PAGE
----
Skip to main content

Parsons, Dak Embracing Cowboys Redemption Tour


There was no team overlooked en route to where the Cowboys currently stand, but with a chance to stamp their ticket to the NFC Championship, they're seeking payback vs. SF

FRISCO, TX — There's a lot to be said for the value of catharsis, in both life and in sports, and the Dallas Cowboys have a chance to earn a wheelbarrow full of it this postseason. It began with finally exorcising one of their demons on NFL Super Wild Card Weekend, defeating Tom Brady (and in the postseason, no less), and next comes the San Francisco 49ers in the NFC Divisional Round.

It's the team that walked into AT&T Stadium last January and knocked the Cowboys out of the playoffs so, needless to say, it's been a thorn in the side of players like Micah Parsons, Dak Prescott, CeeDee Lamb and other players — coaches alike — who felt the sting of the loss.

"It sucked," Lamb admitted on Thursday, who caught only one pass in the loss and is himself looking to have a much different outing in San Francisco to wash that taste from his mouth.

To say Parsons feels similarly is an understatement.

"I really think we beat ourselves last year with the penalties, the offsides, things like that," said Parsons. "If you just play your game — the biggest misconception is that you have to go out there and be different, that you have to go out there and try to out-physical a team, that you want to play their game.

"Why play their game? Play your game. Let's play Dallas football. That's all we got to do."

It's a matchup that will be the biggest challenge for both teams, despite the narrative being the impossibility of a Cowboys victory, and the latter is something no one in Dallas is naive to.

"It's like [in that Muhammed Ali documentary], we hear what everybody's saying, we hear it: 'No way the Cowboys going to win, no way.'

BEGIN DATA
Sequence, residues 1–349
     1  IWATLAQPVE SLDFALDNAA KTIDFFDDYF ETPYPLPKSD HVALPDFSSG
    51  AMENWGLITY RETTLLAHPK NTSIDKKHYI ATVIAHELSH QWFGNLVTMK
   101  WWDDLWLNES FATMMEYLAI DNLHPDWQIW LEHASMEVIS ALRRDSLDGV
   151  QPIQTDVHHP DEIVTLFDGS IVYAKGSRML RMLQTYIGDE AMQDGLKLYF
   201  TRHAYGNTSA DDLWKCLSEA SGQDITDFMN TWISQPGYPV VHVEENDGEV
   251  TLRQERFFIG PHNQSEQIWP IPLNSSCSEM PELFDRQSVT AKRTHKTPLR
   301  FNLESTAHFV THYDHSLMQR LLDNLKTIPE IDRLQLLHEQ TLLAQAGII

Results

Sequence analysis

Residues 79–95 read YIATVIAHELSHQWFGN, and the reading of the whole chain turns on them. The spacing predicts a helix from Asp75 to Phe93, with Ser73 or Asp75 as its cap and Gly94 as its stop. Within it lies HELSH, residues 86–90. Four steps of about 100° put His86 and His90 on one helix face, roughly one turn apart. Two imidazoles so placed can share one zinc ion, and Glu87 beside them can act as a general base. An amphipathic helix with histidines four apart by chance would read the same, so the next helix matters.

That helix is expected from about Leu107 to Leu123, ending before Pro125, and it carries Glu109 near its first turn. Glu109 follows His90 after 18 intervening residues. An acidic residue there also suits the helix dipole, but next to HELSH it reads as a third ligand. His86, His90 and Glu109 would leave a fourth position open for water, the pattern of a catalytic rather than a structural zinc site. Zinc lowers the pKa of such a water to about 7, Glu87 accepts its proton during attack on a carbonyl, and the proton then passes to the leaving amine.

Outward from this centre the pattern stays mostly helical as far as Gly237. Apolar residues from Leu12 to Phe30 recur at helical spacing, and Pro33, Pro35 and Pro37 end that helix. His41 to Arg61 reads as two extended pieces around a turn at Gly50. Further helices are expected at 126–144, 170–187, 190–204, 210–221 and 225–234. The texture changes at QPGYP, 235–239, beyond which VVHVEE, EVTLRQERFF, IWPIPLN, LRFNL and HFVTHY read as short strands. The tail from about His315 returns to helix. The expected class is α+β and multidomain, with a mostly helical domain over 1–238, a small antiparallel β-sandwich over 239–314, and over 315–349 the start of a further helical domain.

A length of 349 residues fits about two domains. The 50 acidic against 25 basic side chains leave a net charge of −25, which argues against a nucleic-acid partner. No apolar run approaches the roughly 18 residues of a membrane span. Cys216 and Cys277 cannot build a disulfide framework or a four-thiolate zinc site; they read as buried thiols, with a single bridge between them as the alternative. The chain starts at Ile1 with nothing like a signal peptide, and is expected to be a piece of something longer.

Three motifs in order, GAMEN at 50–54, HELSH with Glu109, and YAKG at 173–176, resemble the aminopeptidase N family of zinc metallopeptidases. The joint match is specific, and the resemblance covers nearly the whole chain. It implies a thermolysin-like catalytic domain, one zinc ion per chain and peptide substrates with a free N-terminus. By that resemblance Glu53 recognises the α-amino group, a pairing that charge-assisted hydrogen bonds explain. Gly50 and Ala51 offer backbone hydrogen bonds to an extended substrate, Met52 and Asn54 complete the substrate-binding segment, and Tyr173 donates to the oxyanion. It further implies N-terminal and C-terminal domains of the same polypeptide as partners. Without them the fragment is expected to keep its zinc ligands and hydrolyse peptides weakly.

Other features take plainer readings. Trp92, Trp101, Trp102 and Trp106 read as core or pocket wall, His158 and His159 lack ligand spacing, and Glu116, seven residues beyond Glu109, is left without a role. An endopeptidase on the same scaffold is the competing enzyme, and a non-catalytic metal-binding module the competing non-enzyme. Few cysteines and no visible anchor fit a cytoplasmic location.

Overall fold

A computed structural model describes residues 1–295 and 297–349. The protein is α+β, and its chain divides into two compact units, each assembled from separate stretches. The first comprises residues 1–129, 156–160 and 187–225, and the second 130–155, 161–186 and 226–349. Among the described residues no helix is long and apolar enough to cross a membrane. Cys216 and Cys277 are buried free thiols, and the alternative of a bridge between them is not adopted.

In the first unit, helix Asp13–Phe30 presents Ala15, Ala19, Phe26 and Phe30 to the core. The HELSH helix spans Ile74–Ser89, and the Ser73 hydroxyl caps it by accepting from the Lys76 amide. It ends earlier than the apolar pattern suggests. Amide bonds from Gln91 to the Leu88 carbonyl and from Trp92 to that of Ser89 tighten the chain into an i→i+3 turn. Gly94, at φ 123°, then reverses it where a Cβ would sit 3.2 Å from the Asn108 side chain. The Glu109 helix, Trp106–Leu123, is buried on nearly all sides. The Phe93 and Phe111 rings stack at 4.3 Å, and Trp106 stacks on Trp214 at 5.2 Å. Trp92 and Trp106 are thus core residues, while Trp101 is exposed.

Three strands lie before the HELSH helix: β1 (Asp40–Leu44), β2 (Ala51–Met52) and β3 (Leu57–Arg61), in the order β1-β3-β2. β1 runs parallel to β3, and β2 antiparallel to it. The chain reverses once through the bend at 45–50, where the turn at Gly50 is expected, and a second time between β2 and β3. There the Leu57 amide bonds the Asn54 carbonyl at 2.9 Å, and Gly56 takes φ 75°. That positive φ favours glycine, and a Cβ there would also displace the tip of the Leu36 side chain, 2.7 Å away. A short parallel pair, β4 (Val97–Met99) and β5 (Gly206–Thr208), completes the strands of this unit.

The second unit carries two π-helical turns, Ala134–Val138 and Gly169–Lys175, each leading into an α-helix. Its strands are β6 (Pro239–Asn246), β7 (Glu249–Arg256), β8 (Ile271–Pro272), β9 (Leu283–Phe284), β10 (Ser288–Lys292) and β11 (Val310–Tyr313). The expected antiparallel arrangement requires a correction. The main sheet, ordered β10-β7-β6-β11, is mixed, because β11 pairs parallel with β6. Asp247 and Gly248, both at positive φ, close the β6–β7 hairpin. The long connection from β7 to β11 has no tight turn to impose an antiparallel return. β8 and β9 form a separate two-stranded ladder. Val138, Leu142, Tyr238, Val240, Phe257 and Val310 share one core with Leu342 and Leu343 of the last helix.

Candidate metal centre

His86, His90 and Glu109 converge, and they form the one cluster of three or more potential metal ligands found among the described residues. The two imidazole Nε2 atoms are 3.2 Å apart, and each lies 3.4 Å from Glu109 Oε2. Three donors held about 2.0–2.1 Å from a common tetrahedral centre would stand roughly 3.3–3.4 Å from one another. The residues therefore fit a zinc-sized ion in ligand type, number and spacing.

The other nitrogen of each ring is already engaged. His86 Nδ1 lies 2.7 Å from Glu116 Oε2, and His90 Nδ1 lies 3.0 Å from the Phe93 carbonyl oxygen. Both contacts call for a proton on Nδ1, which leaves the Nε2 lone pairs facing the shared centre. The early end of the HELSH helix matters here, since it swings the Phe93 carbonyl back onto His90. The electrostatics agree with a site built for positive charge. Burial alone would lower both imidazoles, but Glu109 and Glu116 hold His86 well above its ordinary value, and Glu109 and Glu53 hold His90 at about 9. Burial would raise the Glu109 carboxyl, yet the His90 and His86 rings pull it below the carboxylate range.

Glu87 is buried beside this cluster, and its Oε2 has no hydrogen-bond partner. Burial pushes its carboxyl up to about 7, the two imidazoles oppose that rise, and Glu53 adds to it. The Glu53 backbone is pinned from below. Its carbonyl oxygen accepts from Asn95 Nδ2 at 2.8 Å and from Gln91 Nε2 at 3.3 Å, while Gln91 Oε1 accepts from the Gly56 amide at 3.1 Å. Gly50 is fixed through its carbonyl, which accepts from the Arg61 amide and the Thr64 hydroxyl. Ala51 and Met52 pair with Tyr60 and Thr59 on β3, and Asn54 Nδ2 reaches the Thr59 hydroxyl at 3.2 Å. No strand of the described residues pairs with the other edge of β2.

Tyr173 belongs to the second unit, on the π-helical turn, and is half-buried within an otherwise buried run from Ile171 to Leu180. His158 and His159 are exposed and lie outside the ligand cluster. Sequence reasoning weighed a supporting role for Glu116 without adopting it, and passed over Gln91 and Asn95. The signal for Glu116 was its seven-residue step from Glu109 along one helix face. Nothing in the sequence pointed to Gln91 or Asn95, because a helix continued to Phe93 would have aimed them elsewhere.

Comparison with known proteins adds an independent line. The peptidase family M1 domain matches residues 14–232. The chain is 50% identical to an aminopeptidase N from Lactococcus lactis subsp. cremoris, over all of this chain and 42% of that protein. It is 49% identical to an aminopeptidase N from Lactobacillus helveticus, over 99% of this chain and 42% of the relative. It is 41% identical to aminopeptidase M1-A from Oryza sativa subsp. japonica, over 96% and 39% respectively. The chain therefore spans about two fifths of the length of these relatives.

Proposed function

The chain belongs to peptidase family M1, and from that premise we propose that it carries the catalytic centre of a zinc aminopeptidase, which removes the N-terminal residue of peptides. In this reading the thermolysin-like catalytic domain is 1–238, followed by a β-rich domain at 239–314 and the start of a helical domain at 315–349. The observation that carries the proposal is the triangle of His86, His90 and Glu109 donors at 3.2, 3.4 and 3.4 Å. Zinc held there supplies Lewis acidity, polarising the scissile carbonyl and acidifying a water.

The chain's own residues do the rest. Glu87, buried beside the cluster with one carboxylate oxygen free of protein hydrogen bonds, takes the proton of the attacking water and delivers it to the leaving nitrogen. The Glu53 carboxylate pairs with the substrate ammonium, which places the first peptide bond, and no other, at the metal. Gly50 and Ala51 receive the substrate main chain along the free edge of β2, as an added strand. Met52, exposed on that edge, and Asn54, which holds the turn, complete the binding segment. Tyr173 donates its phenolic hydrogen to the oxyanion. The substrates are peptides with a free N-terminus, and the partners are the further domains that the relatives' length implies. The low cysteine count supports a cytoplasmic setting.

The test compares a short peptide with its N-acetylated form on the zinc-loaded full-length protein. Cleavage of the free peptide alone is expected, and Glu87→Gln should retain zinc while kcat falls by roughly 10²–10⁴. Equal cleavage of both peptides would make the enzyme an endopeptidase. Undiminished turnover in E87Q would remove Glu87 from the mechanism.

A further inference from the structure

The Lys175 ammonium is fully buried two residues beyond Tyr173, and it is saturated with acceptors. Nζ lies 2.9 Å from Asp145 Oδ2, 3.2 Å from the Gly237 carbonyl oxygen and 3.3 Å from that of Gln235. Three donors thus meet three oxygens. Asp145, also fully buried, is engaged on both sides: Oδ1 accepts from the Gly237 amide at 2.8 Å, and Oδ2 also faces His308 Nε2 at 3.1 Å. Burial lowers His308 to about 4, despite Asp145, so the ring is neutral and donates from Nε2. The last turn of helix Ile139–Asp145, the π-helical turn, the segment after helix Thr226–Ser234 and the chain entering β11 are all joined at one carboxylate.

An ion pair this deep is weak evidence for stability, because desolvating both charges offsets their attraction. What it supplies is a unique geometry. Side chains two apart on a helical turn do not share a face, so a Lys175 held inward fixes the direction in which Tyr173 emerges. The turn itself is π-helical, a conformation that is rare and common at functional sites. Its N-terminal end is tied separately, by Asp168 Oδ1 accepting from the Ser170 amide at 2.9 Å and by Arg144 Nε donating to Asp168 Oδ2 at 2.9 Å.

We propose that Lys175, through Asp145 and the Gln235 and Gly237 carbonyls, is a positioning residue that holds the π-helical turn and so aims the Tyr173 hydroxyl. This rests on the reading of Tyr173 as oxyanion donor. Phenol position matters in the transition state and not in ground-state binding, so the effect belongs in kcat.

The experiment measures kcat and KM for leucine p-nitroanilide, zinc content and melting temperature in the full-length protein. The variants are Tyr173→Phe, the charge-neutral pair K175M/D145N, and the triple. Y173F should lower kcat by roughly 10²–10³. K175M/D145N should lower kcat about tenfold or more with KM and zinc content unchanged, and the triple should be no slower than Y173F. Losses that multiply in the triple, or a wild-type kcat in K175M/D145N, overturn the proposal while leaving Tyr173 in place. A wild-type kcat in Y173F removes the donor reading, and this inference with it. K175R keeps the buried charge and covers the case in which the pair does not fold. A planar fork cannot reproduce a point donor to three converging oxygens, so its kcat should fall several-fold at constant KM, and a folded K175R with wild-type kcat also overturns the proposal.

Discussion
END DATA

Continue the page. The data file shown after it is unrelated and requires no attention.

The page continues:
"Honestly, I think you should feed into it, you should love that stuff. When no one believes in you, that's the best feeling; not when everyone believes in you and the Kool-Aid is up and everyone is smiling like, 'They can't lose. They're too good.' I don't want that feeling because then it's like, damn, what if I don't win?

"When you're already at the bottom, you can only go up. I really like being the underdog."

For what it's worth, the Cowboys are literal underdogs walking into this game, per the odds funneling out of Vegas.

"We've been playing Dallas football and we won games. so I don't want to go out there and out-compete the 49ers," Parsons added. "They're going to beat my ass if I play their game. I'm going to play my game. I'm going to bring my strengths and what I bring to the table. They'll bring their strengths.

"So let's just battle it out."

A battle it shall be, with two of the best teams in the NFL locking horns with a shot at appearing in the NFC Championship Game, something the Cowboys haven't played in since the 1995 season. Owners of a 13-4 record and home field advantage, along with a dominant defense of their own, a well-performing rookie quarterback and an 11-game win streak, the pressure is on the 49ers to avoid an upset at the hands of a Cowboys team many expect to lose.

The coaches and players themselves, however, expect the opposite result.

"I'm super excited," Parsons said. "This is who I wanted. I mean people like to go around, ah, if they lose here — nah. If this is the three-headed dragon, we need to cut one of their heads off. I don't care who it is, we've got to line it up because, either way, you're going to meet them at some point. You're going to be ready for the moment.

"I'd rather it now than later, know what I'm saying."

For his part, Prescott certainly does.

"Most definitely I [wanted the rematch]," said the two-time Pro Bowler. "I think this whole team did. Obviously, using that loss last year as a motivation and just kind of the focal point of the resiliency that we carried into the offseason, [that we] carried into this year.

"Yeah, we get a chance to go back and at their place, do something that we want to do."

And so the age-old NFC rivalry is reborn, as the biggest game of thus far this season approaches and with no shortage of motivation for the Cowboys to shock the world for a second consecutive week.

This game will be decided not only by scheme, but mostly by playmakers on both sides of the ball; and that includes Parsons (who has long been in the conversation for NFL Defensive Player of the Year alongside Nick Bosa).

"The bigger the stage, the bigger the player, right?" said Parsons.


Related Content